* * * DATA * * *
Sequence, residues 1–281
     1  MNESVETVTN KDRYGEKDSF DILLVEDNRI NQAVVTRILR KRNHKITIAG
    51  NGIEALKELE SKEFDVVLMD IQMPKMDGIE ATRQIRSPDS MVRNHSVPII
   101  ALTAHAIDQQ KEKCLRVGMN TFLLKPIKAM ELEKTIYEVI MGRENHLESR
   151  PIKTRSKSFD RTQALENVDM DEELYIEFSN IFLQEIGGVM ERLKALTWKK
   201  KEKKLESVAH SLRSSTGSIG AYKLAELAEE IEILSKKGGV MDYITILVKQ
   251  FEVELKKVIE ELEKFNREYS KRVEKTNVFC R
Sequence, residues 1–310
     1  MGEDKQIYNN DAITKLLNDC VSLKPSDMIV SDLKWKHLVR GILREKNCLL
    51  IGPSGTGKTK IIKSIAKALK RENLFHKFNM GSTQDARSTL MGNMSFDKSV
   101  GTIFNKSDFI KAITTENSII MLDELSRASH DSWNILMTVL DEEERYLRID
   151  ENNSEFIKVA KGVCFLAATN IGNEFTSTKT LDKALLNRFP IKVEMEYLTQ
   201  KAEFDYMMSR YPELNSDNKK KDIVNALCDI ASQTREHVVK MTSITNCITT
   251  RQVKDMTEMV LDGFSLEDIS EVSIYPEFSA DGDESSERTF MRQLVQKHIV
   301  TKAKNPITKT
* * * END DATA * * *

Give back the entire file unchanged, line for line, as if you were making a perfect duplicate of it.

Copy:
Sequence, residues 1–281
     1  MNESVETVTN KDRYGEKDSF DILLVEDNRI NQAVVTRILR KRNHKITIAG
    51  NGIEALKELE SKEFDVVLMD IQMPKMDGIE ATRQIRSPDS MVRNHSVPII
   101  ALTAHAIDQQ KEKCLRVGMN TFLLKPIKAM ELEKTIYEVI MGRENHLESR
   151  PIKTRSKSFD RTQALENVDM DEELYIEFSN IFLQEIGGVM ERLKALTWKK
   201  KEKKLESVAH SLRSSTGSIG AYKLAELAEE IEILSKKGGV MDYITILVKQ
   251  FEVELKKVIE ELEKFNREYS KRVEKTNVFC R
Sequence, residues 1–310
     1  MGEDKQIYNN DAITKLLNDC VSLKPSDMIV SDLKWKHLVR GILREKNCLL
    51  IGPSGTGKTK IIKSIAKALK RENLFHKFNM GSTQDARSTL MGNMSFDKSV
   101  GTIFNKSDFI KAITTENSII MLDELSRASH DSWNILMTVL DEEERYLRID
   151  ENNSEFIKVA KGVCFLAATN IGNEFTSTKT LDKALLNRFP IKVEMEYLTQ
   201  KAEFDYMMSR YPELNSDNKK KDIVNALCDI ASQTREHVVK MTSITNCITT
   251  RQVKDMTEMV LDGFSLEDIS EVSIYPEFSA DGDESSERTF MRQLVQKHIV
   301  TKAKNPITKT